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Catarina Perry da Câmara, Mariana Cardoso Diogo, Jacinto João, Carranca Roberto, Cristina Rios, Conceição Carla, João Reis.

1. Department of Neuroradiology, Hospital Dona Estefania, CHLC


XII Congresso Nacional da SPNR, 11 - 13 novembro 2016, Lisboa

Introdução: Kikuchi-Fujimoto disease (KFD) is a rare and benign cause of lymphadenopathy, that affects mostly children, with a male predominance. Its etiology is unknown, although environmental factors, in particular viruses, and autoimmune diseases, have been reported. KFD is characterized by localized lymphadenopathy, fever, frequent upper respiratory symptoms, and odynophagia. Onset is typically subacute. Atypical presentations and extranodal involvement are possible, mainly cutaneous manifestation and aseptic meningitis. MRI findings of brain involvement have been described in two cases in literature.
Clinical Case: We present a case of a nine-year-old boy transferred to our pediatric intensive care unit for altered mental status. He had a 3-week history of odynophagia, cervical lymphadenopathy and fever. He had several visits to the pediatric emergency care where he was medicated with non-steroid anti-inflammatory drugs and antibiotic directed at an bacterial tonsillitis. Neck CT was performed at admittance. Despite broad spectrum antibiotic treatment, he progressed to coma and an MRI was performed. He had several lymphadenopathies, diffuse involvement of the supratentorial white matter and cortical and white matter punctiform areas of restricted diffusion. During the MRI examination there was a progressive lowering of the cerebellar tonsils, and the patient died the following morning, despite medical treatment. Postmortem histopathological evaluation was compatible with histiocytic necrotizing lymphadenitis (Kikuchi-Fujimoto disease) with CNS involvement.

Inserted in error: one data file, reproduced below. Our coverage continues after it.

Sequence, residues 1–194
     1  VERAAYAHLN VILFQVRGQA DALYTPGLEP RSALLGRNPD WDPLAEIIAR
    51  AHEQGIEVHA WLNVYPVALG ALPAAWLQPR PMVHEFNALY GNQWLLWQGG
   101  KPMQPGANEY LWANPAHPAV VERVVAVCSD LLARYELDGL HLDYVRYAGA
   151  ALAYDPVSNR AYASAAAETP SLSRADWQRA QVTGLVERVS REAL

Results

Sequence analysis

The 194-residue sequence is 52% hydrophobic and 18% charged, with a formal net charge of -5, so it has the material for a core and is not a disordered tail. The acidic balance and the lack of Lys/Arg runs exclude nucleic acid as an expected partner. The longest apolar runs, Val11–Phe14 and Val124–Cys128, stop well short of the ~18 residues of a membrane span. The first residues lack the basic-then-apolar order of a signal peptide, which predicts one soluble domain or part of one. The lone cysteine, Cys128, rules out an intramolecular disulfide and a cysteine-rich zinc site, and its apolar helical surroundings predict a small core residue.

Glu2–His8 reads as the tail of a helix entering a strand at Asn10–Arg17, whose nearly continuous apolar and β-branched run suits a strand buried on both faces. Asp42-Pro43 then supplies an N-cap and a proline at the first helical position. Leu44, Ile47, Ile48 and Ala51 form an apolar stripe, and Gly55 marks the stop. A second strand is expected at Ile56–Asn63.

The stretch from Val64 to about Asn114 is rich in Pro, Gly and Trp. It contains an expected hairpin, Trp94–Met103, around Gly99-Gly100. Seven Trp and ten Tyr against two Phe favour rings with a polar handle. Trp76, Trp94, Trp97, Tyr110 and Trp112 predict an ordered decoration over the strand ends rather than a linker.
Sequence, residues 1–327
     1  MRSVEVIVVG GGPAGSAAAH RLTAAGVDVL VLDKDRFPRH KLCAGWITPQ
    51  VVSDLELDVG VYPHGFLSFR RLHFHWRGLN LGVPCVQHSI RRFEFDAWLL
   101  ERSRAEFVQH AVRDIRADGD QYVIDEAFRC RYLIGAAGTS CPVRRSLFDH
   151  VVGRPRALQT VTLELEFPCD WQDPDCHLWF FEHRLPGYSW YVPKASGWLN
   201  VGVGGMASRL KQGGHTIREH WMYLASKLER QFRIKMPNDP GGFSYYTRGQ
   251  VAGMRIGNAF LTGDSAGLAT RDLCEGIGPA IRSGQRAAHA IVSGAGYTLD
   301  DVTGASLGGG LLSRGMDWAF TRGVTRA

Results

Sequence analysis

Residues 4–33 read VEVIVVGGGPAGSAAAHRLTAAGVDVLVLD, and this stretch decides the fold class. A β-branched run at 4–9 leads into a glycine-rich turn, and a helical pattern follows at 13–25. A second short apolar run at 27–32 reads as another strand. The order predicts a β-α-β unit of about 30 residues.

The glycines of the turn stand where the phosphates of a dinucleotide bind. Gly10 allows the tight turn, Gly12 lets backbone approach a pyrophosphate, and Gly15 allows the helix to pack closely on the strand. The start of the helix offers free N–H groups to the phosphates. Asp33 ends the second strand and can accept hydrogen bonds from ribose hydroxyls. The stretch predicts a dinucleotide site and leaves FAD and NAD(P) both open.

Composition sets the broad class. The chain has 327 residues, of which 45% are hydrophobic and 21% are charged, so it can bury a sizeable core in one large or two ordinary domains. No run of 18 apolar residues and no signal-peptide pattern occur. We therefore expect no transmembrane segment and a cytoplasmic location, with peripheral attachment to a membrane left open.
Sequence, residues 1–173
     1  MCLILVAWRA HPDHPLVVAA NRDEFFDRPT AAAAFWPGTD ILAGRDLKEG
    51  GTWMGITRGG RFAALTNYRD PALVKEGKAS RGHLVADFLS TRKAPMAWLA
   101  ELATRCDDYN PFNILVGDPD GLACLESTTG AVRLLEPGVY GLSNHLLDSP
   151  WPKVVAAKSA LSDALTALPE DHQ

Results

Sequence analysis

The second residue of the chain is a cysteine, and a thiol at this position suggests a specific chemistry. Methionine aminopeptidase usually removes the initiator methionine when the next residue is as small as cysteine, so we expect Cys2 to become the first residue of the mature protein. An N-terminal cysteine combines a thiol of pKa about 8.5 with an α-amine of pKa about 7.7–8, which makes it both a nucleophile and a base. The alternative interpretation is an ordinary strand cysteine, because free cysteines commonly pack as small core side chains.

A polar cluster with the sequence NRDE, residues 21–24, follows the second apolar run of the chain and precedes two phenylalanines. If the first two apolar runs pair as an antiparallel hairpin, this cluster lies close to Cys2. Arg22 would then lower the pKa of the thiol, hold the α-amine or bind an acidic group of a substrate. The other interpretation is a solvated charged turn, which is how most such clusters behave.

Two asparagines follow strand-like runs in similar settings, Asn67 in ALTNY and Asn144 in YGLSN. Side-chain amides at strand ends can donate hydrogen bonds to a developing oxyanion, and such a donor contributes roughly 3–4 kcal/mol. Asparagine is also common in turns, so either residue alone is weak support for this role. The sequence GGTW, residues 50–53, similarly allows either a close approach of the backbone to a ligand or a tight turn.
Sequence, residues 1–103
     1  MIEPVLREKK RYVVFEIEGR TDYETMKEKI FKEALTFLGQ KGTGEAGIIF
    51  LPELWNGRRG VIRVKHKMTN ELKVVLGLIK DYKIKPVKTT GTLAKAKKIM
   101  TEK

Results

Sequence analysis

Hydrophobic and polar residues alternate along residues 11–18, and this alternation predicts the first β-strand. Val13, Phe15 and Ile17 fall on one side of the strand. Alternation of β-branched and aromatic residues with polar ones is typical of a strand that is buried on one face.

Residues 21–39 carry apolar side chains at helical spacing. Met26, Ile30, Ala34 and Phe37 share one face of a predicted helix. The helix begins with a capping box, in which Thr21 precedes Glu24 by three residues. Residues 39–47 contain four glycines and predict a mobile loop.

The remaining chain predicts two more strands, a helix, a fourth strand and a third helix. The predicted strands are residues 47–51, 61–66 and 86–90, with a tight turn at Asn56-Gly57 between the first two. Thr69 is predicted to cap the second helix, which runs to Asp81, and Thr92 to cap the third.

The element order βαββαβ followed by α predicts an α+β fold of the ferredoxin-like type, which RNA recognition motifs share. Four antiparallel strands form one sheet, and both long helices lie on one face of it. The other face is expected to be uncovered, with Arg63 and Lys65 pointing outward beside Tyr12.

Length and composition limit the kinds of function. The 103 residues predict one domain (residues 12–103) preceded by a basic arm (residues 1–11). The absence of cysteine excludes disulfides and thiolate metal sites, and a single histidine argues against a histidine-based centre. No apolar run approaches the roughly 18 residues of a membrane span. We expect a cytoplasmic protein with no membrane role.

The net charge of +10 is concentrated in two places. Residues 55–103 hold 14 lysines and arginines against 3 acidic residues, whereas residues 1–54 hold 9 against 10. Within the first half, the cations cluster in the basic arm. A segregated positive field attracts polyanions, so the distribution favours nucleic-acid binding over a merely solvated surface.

Conclusion: KFD is an extremely rare cause of adenopathy in children, which even less frequently presents with CNS involvement. This case is of interest for its rarity, but also imaging evolution.

Palavras Chave: Kikuchi-Fujimoto disease